I Have a Dream: That People Will View a Picture Like This and Not Think It’s a Big Deal

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About Doyin Richards

Doyin is a father, husband, blogger, and author dedicated to creating and celebrating a world of great fathers. He operates the popular blog Daddy Doin' Work and you can also follow him on Facebook and Twitter


  1. I think this is an great picture of a Dad who is caring for his kids. Just listen to your heart and love your family and friends. 2 thumbs up for you, and keep up the awesome!! :) What adorable kids you have, too!! Jealousy and hate are destructive elements in our world that we really need to rise above and not let get us down to their level. ((HUGS))

  2. Mitt Romney's Black Child says:

    If you want things like this to change, maybe you should start by decrying MSNBCs racist roundtable against Mitt Romney for having an adopted black grandchild…

  3. worldtraveller says:

    First time ive read your blog, and im now a follower. Well said and so true. Your an inspiration to all parents, mums and dads alike. The most important thing any parent can do for their child is to love them, and that comes through loud and clear in your photo and in yoyr blog. Your children are lucky to have you as a dad and your wife is lucky to have you as a husband.

  4. You are SO AWESOME. You have a very lucky wife and very lucky children! I’ve watched my boyfriend embrace pseudo-fatherhood by raising his two nieces (5 and 6) and new baby nephew (7 months) in the same way you’ve embraced fatherhood. Seeing him interact with his brothers’ children is one of the main things that attracted me to him. When we eventually settle down, establish careers and have children, I know that he’ll be a fantastic, involved father just like yourself! My boyfriend is also bi-racial (Thai and Mexican), while I’m a white woman, and the diversity of your family is wonderful and inspiring! We’ve gotten those “looks” and comments about “destroying the gene pool” and whathaveyou, but love is love! Thank you for your dedication to your baby girls, every parent who fully dedicates themselves to parenthood is doing a service not only to their children- who will grow up capable and well-rounded, but to the world!
    Congratulations to you and your lovely family!

  5. Alexander says:

    The first thing that came to my mind when I saw that picture was how adorable they look.

    Then I noticed the size of the guy’s arm, goddamn that is huge (probably because of the little kid right next to the arm, but man that bicep looks so big), and he’s holding a tini tiny brush while wearing a what-ya-ma-call it with a little one in it. You look so silly like that.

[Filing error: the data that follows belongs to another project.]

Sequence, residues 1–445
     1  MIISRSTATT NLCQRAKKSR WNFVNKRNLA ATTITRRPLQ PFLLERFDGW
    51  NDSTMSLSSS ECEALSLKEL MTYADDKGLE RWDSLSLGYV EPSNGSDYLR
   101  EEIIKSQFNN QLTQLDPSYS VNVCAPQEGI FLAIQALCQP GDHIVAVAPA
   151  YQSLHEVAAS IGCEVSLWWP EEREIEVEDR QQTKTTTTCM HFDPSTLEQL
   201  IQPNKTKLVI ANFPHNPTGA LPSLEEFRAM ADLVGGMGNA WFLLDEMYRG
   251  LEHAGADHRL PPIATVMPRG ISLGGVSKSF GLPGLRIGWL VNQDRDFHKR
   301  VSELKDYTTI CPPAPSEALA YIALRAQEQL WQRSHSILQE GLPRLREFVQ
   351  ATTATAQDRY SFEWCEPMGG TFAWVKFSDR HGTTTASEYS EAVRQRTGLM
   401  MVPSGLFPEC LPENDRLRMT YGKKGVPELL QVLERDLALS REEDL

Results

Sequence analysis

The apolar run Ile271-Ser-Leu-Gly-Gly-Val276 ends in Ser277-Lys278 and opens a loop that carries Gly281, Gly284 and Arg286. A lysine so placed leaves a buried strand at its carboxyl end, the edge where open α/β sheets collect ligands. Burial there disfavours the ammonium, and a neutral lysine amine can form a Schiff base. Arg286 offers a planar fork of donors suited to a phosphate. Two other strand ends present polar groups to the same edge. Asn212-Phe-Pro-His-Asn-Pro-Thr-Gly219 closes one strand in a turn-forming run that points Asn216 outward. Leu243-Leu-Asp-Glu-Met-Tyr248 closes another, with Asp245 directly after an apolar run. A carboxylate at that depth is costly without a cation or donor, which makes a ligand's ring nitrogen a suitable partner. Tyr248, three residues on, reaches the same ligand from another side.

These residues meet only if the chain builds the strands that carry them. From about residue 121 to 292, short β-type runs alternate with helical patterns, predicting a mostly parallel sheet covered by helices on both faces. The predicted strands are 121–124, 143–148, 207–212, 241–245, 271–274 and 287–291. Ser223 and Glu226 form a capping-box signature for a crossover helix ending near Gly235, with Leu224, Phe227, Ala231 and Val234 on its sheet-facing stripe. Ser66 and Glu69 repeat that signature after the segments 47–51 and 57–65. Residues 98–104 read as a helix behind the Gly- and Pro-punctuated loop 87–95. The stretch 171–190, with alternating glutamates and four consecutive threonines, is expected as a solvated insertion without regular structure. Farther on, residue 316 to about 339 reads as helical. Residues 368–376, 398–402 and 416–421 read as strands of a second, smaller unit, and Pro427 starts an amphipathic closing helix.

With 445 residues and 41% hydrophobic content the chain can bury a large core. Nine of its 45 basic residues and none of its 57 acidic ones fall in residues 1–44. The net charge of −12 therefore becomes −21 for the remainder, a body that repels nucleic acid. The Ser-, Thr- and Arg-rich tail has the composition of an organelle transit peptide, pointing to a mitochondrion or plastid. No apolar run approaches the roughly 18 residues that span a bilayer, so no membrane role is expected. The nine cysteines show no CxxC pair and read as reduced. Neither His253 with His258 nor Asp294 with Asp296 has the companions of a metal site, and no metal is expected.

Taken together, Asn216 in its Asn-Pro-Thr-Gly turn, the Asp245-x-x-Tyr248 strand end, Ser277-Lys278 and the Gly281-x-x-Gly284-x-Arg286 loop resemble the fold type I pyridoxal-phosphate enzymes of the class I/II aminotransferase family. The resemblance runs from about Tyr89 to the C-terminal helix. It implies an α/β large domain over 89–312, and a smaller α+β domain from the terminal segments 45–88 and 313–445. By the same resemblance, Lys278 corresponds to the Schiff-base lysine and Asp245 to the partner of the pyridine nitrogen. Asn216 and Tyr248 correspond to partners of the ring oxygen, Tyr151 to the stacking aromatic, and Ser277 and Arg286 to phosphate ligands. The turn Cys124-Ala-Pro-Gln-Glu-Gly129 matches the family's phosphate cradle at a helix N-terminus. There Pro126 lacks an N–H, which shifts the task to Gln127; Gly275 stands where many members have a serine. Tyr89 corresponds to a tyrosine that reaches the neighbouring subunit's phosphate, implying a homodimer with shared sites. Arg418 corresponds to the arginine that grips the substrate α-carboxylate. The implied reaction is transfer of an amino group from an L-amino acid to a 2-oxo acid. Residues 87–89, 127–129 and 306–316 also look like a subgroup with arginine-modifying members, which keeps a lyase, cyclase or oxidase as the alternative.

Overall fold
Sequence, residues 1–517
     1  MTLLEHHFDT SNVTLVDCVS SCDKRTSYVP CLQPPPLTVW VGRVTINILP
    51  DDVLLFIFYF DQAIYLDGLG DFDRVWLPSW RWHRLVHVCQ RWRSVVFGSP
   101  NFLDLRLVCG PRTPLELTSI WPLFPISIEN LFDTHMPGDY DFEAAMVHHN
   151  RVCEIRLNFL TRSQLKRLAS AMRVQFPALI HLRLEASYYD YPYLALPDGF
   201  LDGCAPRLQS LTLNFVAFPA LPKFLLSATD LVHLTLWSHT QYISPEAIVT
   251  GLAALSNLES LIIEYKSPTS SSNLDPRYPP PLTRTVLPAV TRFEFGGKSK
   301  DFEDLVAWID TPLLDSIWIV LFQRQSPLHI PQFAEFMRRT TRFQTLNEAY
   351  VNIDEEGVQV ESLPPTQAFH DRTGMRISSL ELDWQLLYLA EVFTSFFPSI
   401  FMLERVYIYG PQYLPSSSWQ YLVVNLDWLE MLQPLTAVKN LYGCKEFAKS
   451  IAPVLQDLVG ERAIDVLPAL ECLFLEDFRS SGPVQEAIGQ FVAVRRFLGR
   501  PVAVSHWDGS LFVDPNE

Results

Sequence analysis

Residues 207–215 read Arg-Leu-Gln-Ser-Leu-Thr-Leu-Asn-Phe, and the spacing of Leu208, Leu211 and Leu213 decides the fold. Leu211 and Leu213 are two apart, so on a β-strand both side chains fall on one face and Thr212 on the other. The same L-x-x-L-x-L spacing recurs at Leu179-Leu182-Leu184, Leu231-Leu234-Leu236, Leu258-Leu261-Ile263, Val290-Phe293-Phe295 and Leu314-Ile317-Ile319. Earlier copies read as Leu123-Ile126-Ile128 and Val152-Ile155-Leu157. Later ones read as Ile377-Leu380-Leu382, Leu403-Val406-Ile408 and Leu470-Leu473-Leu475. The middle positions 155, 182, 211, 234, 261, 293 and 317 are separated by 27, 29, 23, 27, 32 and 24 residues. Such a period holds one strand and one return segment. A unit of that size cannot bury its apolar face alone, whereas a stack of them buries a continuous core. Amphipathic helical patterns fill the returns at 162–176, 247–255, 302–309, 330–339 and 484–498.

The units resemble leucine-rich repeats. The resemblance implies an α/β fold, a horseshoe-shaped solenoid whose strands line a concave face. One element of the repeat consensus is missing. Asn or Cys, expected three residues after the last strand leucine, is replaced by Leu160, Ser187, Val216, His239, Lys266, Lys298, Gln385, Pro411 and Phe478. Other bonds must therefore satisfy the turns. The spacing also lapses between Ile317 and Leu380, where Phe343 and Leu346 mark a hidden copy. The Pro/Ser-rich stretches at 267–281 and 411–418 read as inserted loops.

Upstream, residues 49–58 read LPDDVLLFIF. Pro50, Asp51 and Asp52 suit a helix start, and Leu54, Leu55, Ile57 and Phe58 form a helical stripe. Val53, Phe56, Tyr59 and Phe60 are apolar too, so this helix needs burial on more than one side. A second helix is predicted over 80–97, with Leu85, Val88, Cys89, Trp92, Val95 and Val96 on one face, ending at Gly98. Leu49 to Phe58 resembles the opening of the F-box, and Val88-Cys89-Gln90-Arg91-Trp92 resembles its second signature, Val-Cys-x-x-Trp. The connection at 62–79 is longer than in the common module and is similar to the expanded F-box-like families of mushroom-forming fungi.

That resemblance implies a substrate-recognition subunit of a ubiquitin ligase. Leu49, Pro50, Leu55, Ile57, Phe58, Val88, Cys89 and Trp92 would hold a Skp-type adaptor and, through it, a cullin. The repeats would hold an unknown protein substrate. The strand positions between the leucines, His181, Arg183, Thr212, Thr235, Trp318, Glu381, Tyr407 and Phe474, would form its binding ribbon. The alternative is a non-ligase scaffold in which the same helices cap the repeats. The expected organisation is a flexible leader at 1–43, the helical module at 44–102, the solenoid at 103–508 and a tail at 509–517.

But really, you guys are adorable, such cute kids, I’ll bet they love their dad.

    Don’t you listen to those assholed on the internet, they are nothing but scum!

  6. Lisa Clague says:

    Good on you!
    My Dear Ol’ Dad was a hands on Dad, and my brother is one also (he has also been a single Dad raising his first son alone). I have the greatest admiration for both of them.
    All those haters out there are just missing their Dads.

  7. First time visiting your blog here, but not the first time seeing that pic. I saw there was an uproar over it and didn’t have the stomach to even see what it was all about. All I could think was this: If people think it’s amazing that a man is being active in his role as a father, I’m going to hurl. The basics, the very basics of soulfulness are marveled at as if there is something amazing in it. And, naturally, as a mom, I think how tragic it is. You voiced it here, along with a whole pile of beautiful truth. So encouraged by your perspective!

  8. I love this post!!! Race has nothing to do with dead beat dads. Every race has them but people want to be pointing the finger or giving it. This man has real balls but then is is doing what he is suppose to because he is a good human being with a compassionate soul. Blessings come in the packages called family.

  9. Anna Birkas says:

    I think we are already there. Most of us. I just never come across the people that aren’t there yet, so it is hard for me to imagine anyone not finding this normal and beautiful.

  10. I didn’t even notice the difference in skin tone… heck, I had to read the article twice to work out what the fuss was all about. Some people need to get a life and worry about stuff that really matters